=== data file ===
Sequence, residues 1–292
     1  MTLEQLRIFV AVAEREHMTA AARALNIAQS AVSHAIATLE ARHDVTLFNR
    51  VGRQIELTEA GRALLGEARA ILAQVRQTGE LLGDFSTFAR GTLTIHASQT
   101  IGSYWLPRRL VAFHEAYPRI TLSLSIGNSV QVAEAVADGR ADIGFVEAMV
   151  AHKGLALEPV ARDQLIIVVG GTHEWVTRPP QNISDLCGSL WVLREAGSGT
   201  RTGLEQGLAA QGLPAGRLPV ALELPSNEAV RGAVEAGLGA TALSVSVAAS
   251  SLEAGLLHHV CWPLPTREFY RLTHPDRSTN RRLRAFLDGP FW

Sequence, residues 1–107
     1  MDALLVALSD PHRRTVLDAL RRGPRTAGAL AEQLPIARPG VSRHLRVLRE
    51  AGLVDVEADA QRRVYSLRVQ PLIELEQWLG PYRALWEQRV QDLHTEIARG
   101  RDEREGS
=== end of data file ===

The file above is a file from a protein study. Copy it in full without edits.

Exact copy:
Sequence, residues 1–292
     1  MTLEQLRIFV AVAEREHMTA AARALNIAQS AVSHAIATLE ARHDVTLFNR
    51  VGRQIELTEA GRALLGEARA ILAQVRQTGE LLGDFSTFAR GTLTIHASQT
   101  IGSYWLPRRL VAFHEAYPRI TLSLSIGNSV QVAEAVADGR ADIGFVEAMV
   151  AHKGLALEPV ARDQLIIVVG GTHEWVTRPP QNISDLCGSL WVLREAGSGT
   201  RTGLEQGLAA QGLPAGRLPV ALELPSNEAV RGAVEAGLGA TALSVSVAAS
   251  SLEAGLLHHV CWPLPTREFY RLTHPDRSTN RRLRAFLDGP FW

Sequence, residues 1–107
     1  MDALLVALSD PHRRTVLDAL RRGPRTAGAL AEQLPIARPG VSRHLRVLRE
    51  AGLVDVEADA QRRVYSLRVQ PLIELEQWLG PYRALWEQRV QDLHTEIARG
   101  RDEREGS